Autor Tópico: NISSAN - Austin (A50) - 1954  (Lida 3861 vezes)

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NISSAN - Austin (A50) - 1954
« em: 26 de Março de 2004, 21:19 »



Nissan Motor Co., Ltd. entered into a technical tie-up with Britain's Austin and began producing the type of A40 Somerset in 1953. In 1954, the model under production was switched to the new A50 Cambridge model. Compared with contemporary Japanese-made cars, it was far more comfortable to ride, easier to drive, and become very popular.



(1) Model Year (2) Wheelbase (3) Engine (Reference: Length/Width/Height/Curb mass)  


The 1489cc 4-cylinder water-cooled OHV engine powering the Nissan Austin A50, and delivered 57 horsepower. The transmission was a 4-speed column shift and a hypoid gear was introduced for final drive. The front suspension was an independent double wishbone and the body was featured a monocoque design.  



DATSUN/AUSTIN CAMBRIDGE A50 1956

The ambitious Mr. Kawamata, the force behind Nissans new union, and new management team, became the company's president in December 1957.

The 50's were a period of extreme growth and development for Nissan. Production numbers show part of the story. 1950: a total of 865 cars where produced, by 1955 that number was up over 7800. 1957 over 20,000, 1959 over 32,000, and by 1960 production had reached 66,000 cars, nearly 5000 of which where exported. Nissan got itself in good shape during the previous decade. It was now in a position to expand to new markets, which is exactly what it did.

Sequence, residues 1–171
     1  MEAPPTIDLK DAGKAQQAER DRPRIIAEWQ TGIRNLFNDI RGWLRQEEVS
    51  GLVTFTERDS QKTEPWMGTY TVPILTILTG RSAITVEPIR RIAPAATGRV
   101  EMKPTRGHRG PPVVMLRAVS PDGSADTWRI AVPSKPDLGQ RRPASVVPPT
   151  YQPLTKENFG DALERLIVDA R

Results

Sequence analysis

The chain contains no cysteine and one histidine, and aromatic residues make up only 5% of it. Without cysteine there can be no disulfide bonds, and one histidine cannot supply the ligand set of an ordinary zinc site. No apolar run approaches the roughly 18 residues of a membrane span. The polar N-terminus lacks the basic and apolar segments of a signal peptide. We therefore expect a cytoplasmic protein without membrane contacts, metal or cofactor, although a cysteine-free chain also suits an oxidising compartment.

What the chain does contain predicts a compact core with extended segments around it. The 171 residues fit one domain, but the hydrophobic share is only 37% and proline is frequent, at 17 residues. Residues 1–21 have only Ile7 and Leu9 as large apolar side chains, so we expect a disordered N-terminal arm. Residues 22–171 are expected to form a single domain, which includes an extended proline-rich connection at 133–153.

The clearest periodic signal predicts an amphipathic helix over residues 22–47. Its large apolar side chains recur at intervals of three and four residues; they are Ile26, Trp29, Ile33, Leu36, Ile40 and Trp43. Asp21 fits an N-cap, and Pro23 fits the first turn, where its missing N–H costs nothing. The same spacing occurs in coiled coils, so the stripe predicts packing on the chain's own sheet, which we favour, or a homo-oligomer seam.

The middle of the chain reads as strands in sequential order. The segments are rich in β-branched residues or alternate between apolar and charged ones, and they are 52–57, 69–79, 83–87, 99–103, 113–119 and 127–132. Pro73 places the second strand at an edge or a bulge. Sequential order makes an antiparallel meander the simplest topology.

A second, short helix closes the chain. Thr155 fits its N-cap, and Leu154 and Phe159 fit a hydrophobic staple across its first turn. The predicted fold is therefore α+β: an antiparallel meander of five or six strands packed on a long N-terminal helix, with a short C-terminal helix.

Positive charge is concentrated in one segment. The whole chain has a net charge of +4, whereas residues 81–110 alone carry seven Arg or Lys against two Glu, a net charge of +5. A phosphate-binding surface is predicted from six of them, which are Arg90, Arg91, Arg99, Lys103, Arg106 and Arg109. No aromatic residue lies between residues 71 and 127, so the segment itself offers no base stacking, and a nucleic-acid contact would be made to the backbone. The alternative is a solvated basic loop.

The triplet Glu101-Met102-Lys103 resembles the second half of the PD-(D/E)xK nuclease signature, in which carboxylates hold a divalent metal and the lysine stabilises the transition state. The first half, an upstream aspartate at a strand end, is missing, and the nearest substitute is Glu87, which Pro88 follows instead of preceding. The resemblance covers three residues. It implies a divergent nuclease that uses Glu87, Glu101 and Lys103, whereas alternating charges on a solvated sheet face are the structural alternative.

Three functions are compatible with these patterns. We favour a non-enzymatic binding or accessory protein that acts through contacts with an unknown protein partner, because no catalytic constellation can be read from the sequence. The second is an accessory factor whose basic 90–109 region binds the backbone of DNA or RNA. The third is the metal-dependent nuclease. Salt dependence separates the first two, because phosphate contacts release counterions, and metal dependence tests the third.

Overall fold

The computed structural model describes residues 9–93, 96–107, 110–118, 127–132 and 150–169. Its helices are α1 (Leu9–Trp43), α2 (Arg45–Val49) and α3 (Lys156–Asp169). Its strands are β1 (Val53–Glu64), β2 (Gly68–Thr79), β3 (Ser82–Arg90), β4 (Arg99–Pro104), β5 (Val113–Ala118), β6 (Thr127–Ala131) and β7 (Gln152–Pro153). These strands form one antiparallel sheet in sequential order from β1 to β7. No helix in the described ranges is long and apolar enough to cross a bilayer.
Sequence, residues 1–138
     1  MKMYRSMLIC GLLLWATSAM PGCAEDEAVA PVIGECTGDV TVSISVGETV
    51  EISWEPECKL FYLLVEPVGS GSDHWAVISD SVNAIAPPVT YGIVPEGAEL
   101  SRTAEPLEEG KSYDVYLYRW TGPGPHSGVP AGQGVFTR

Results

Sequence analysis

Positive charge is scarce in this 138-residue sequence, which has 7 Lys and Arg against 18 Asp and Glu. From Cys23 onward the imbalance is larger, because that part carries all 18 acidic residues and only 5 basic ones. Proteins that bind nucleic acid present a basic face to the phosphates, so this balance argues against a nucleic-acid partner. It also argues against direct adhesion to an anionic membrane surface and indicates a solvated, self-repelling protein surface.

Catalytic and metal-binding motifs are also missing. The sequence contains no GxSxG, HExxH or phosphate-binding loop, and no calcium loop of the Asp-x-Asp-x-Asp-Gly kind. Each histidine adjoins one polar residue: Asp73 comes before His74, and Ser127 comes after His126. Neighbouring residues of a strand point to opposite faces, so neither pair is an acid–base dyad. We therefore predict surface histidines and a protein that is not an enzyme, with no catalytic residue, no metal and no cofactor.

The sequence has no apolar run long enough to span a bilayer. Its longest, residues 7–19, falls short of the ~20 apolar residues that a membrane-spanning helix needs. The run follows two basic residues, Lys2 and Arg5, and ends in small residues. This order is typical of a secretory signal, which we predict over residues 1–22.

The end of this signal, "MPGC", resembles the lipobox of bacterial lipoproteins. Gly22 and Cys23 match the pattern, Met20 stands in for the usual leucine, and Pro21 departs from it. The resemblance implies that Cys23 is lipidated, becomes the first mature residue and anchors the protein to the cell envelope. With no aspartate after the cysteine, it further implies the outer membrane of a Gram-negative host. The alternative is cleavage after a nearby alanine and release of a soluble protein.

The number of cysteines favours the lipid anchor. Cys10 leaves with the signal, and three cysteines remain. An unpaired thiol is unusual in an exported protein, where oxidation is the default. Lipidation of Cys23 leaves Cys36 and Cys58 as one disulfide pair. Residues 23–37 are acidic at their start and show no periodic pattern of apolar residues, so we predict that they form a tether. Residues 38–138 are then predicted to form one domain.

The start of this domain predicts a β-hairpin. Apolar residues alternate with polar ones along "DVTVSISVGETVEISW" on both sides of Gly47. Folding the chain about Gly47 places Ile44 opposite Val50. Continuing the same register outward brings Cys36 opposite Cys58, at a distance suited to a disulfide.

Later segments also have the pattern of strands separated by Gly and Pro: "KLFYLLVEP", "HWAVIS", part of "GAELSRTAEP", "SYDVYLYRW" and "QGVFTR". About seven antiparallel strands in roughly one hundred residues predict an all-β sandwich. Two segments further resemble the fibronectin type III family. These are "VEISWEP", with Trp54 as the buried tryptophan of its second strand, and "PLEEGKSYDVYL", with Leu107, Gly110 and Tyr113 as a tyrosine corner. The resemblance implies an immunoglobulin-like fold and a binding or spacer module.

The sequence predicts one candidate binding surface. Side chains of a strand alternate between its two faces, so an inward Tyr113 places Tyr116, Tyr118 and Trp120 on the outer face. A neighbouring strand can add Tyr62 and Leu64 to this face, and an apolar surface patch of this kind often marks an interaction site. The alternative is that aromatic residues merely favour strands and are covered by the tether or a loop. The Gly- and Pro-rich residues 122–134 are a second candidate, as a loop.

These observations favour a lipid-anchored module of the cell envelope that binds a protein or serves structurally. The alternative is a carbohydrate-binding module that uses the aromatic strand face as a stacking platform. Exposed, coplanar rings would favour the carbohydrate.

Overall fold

Looks like every other Austin Cambridge doesn't it ! Look closer and you'll notice the rear vision mirrors (only the Japanese would put them up there) and those orange fog lights, look even closer and you'll see another feature Cambridges don't usually have, Build Quality ! Nissan built Austins under licence after the second World War. The Datsun version has a straight copy of the Austin 1498cc 4cyl. engine. After they stopped building Austins, Nissan's own cars started to look like Austins. They took the Austin engine designs and improved them dramatically. They looked similar but were much more efficient and more powerful thanks to better balancing and greater precision in their manufacture. (put a Cedric cylinder head on an MGB and you'll get an extra 5hp minimum)

Old Jap's never die...'cos some clotheads keep bodgin' 'em back together...

Edited by: Umtali at: 28/10/07 1:13
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